The role of energy as a stimulant for economic growth and environmental sustainabilityof any nation has made the focus on green fuels, including fermentative hydrogen (bioH2) andmethane (bioCH4), to be a priority for the World’s policy makers. Nigeria, as the most populousAfrican country, with worsening energy crisis, can benefit from the introduction of the bioH2 andbioCH4 technologies into the country’s energy mix, since such technologies have the potential ofgenerating energy from organic wastes such as fruit waste.Fruit waste was studied in detail in this work because of its great economic andenvironmental potential, as large quantities of the wastes (10–65% of raw fruit) are generatedfrom fruit consumption and processing. Meanwhile, bioH2 and bioCH4 productions involvinganaerobic microorganisms in direct contact with organic wastes have been observed to result insubstrate and product inhibitions, which reduce the gas yields and limit the application of thetechnologies on an industrial scale. For example, in this study, the first experimental work todetermine the effects of hydraulic retention times and fruit mixing on bioH2 production fromsingle and mixed fruits revealed the highest cumulative bioH2 yield to be equivalent to 30% ofthe theoretical yield. However, combining the fermentation process with the application ofmembrane encapsulated cells and membrane separation techniques, respectively, could reducesubstrate and product inhibitions of the microorganisms. This study, therefore, focused on theapplication of membrane techniques to enhance the yields of bioH2 and bioCH4 productions fromthe organic wastes.The second experimental work which focused on reduction of substrate inhibition,involved the investigation of the effects of the PVDF membrane encapsulation techniques on thebioH2 and bioCH4 productions from nutrient media with limonene, myrcene, octanol and hexanalas fruit flavours. The results showed that membrane encapsulated cells produced bioCH4 fasterand lasted longer, compared to free cells in limonene. Also, about 60% membrane protectiveeffect against myrcene, octanol and hexanal inhibitions was obtained. Regarding bioH2production, membrane encapsulated cells, compared to free cells, produced higher average dailyyields of 94, 30 and 77% with hexanal, myrcene and octanol as flavours, respectively. The finalpart of the study, which was aimed at reducing product inhibition, involved the study of theeffects of membrane permeation of volatile fatty acids (VFAs) on the bioreactor hydrodynamicsin relation to bioH2 production. The investigation revealed that low transmembrane pressure of104Pa was required to achieve a 3L h-1m-2 critical flux with reversible fouling mainly due to cakelayer formation, and bioH2 production was also observed to restart after VFAs removal.The results from this study suggest that membrane-based techniques could improve bioH2and bioCH4 productions from fermentation media with substrate and product inhibitions.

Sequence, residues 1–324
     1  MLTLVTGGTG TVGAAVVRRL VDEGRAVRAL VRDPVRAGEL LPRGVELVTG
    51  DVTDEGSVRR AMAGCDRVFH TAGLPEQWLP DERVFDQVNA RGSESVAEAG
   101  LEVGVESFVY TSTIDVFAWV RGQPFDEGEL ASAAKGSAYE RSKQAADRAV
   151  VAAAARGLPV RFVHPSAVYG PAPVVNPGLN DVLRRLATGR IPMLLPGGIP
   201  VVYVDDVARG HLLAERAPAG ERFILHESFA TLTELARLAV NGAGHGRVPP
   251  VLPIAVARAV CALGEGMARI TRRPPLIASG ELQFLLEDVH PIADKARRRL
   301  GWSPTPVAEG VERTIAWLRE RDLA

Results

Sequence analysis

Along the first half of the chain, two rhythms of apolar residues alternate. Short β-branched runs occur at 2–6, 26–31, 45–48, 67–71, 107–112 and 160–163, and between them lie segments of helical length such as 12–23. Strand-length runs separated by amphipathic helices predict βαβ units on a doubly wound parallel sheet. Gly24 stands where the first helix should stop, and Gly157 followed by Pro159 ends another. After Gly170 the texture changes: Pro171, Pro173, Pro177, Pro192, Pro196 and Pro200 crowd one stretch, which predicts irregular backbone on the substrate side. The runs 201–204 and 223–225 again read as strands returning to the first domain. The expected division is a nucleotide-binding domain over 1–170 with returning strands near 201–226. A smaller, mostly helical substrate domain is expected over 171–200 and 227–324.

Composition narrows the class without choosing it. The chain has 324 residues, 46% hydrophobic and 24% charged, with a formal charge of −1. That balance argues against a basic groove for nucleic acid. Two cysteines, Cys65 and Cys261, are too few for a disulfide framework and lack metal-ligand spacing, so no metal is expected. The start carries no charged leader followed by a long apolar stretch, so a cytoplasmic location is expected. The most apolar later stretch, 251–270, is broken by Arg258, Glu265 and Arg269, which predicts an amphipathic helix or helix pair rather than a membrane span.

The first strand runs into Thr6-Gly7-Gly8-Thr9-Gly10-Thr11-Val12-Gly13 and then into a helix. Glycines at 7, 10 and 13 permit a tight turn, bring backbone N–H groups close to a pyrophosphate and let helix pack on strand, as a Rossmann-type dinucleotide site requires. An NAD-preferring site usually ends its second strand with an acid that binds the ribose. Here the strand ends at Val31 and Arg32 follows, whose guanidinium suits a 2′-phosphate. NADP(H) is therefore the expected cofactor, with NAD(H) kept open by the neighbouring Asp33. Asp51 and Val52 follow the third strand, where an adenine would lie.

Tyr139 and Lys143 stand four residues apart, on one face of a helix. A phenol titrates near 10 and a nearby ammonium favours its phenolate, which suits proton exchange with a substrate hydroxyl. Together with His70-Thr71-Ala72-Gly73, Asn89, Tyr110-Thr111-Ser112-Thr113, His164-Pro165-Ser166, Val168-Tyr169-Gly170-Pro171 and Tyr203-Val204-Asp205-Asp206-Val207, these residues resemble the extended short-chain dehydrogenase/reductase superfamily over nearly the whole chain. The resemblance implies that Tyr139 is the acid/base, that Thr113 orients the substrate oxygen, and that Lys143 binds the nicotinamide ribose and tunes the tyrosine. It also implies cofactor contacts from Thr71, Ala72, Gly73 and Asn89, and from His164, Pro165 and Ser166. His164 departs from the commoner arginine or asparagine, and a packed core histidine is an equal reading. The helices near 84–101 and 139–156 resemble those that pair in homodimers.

Place, publisher, year, edition, pages
Borås: Högskolan i Borås, 2015. 72 p.
Series
Skrifter från Högskolan i Borås, ISSN 0280-381X ; 72
Keyword
Encapsulation, Inhibition, hydrodynamics, hydrogen, methane, fruit flavour, Membrane bioreactor
National Category
Environmental Biotechnology
Research subject
Resource Recovery
Identifiers
urn:nbn:se:hb:diva-671 (URN)978-91-87525-73-5 (ISBN)978-91-87525-74-2 (ISBN)
Public defence
2015-10-28, E310, Allegatan 1, Borås, 10:00 (English)
Available from: 2015-09-21 Created: 2015-08-27 Last updated: 2015-12-18Bibliographically approved